In today's Albuquerque Journal, Archbishop Michael Sheehan of the Archdiocese of Santa Fe wrote a clear explanation of the Roman Catholic Church's stand on the issue of embryonic stem cell research entitled Church Believes in Cures That Don't Sacrifice Life . I think that this is one of the clearest statements I have seen as to why many Christians oppose embryonic stem cell research. Here is part of what Archbishop Sheehan had to say: Even a small embryo is a human being. We all started out as embryonic stem cells. To harvest embryonic stem cells— even to help human life— is wrong because it kills the embryo. It means in effect using tiny human body parts for scientific purposes. The end does not justify the means. We know that the genetic package is really complete when conception takes place and sonar pictures of the living infant in the womb clearly show human life as it grows and develops. Human-life issues are the bedrock of our faith. Respect for life is central to Ca

Las Cruces Crosses on Logo Update

Las Cruces, New Mexico, has been sued by one of the enlightened to remove the crosses that have been part of the city logo for many, many years. Never mind that the name "Las Cruces" is Spanish for "The Crosses", the mere presence of the crosses on the seal was enough to apparently trouble Paul Weinbaum, Olivia Weinbaum and Martin Boyd so thoroughly that they felt a need to foist their collective viewpoint on the rest of the city by bringing a lawsuit against Las Cruces to have the crosses removed (but, of course, such a suit doesn't change the offense since he still lives in a city named "the Crosses" -- I guess that was the planned follow-up suit). In a fit of common sense, the judge has now thrown out the lawsuit : A judge has rejected an effort to prohibit the city of Las Cruces from using Christian crosses on its logos or vehicles. U-S District Judge Robert Brack yesterday dismissed the lawsuit filed by Paul Weinbaum of Las Cruces, his daughter Ol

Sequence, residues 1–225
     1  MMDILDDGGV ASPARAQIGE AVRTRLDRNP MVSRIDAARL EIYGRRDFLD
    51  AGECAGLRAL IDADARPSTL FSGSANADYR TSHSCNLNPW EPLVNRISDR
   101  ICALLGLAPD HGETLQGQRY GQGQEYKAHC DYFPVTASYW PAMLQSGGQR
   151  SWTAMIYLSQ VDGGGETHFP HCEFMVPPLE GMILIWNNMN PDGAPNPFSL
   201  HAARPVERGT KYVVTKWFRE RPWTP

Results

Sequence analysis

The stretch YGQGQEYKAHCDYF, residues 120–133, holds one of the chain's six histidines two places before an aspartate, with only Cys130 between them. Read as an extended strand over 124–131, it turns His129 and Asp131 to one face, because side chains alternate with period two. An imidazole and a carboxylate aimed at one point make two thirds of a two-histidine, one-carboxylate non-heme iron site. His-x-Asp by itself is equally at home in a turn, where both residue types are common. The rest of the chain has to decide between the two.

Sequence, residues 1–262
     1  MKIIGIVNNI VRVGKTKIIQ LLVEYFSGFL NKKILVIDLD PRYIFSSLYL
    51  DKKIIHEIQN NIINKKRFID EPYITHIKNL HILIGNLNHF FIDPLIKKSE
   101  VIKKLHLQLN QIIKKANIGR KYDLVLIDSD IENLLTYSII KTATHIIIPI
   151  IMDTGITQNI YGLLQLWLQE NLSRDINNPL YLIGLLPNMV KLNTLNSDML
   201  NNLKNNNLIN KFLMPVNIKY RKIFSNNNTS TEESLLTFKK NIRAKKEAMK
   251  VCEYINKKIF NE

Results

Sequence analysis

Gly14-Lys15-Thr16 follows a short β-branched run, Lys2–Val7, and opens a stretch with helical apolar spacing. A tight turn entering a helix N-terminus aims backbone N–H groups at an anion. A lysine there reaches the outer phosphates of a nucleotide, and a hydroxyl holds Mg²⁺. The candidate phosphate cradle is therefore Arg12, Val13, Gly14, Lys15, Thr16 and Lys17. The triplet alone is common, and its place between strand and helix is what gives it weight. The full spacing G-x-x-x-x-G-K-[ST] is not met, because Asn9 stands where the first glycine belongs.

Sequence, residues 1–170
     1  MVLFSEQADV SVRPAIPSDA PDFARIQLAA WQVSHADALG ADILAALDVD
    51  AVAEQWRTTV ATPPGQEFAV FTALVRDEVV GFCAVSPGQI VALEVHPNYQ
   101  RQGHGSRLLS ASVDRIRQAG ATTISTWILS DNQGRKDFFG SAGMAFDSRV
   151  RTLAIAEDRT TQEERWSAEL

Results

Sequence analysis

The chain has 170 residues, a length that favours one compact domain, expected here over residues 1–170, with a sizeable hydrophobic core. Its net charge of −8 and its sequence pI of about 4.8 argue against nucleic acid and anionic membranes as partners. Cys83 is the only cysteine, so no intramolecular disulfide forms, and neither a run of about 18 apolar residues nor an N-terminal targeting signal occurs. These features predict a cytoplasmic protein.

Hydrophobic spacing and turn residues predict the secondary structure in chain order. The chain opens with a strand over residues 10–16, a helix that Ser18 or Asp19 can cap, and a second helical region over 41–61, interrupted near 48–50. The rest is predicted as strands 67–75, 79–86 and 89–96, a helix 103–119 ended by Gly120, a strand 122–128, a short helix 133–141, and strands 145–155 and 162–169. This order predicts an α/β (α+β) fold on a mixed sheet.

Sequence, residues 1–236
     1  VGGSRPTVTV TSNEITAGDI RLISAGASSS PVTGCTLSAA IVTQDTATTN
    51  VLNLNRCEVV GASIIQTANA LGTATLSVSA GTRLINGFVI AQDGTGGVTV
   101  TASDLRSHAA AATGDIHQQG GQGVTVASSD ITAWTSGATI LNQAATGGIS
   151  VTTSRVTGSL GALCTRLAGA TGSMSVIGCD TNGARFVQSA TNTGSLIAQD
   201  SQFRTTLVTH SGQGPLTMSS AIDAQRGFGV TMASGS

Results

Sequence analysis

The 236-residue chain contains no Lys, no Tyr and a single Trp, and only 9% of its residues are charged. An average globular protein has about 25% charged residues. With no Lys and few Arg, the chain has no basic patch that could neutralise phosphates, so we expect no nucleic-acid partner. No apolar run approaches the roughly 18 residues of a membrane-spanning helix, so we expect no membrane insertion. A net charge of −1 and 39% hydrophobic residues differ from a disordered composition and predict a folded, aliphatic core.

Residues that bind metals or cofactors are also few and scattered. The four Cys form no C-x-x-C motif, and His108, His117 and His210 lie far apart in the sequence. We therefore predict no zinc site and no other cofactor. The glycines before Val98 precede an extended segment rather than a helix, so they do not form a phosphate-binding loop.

Responses to Sam Harris

I have not read Sam Harris' book Letter to a Christian Nation , but what I read from him in interviews tells me that there's little point to doing so. Based upon his interviews, he is simply a modern, lesser version of Thomas Paine whose own book The Age of Reason has made him a champion among skeptics, but whose work is rightfully dismissed by Christians. Still, because he is getting some press, I thought it worthwhile to link to some resources that do respond to Mr. Harris' work. First, Greg Koukl of Stand to Reason responds to the major claim of Harris' earlier book, The End of Faith by challenging the idea that Christianity has had some pernicious effect on society in his radio program of September 24, 2006 . The discussion takes place between approximately the 40 and 50 minute marks. A bit more thorough, if not more flippant, response can be found with J.P. Holding's Tektonics in his Letter to a Maladjusted Misotheist . William F. Vallicella, Ph.D., The Mav

Christianity As An Intellectual Pursuit

I was driving to work today, and I saw a very . . . um, quaint bumper sticker. I was fairly certain before I read it that it would be counter to one of my beliefs because it was on the back of a car with a large number of bumper stickers. It has long been an observation of mine that skeptics and Democrats are the two groups most likely to load down their car with bumper stickers. I wasn't disappointed. This particular bumper sticker had words to this effect: "Keep Your Prayer Out Of My Schools; I'll Keep Thought Out Of Your Church." Needless to say, I was rolling on the floor laughing. After all, I can't imagine anything more clever than that. (Please note the dripping sarcasm.) But, of course, this is simply a perpetuation of the straw man characterization of Christianity that it is not an intellectual pursuit. The old catch phrase is that Chrsitianity is a matter of faith, not facts. In one respect, I understand the attitude because too often in Christian churc

Where Does Our Hatred of Malevolence Come From?

About three months ago (wow, how time flies), I was writing a series about Richard Carrier's attempted rebuttal of J.P. Moreland's argument on Morality found in his book Scaling the Secular City . (Carrier's original essay can be found here and the first part of this series can be found here , the second part can be found here , and the third part can be found here .) I took the position that Moreland’s argument on Morality was unscathed by Carrier’s rebuttal. In the process, we discussed whether there was any humanistic alternative basis for morality. One reader, Bruce, made what I considered to be one of the better arguments for a basis for humanistic morality that I have seen, and I promised him I would give it a response. Well, three months have passed and I thought I had better do it before I completely forget. Here is what Bruce wrote: Secular humanists have still another reason to be moral, which I personally take to be the most compelling in my own life, and it sh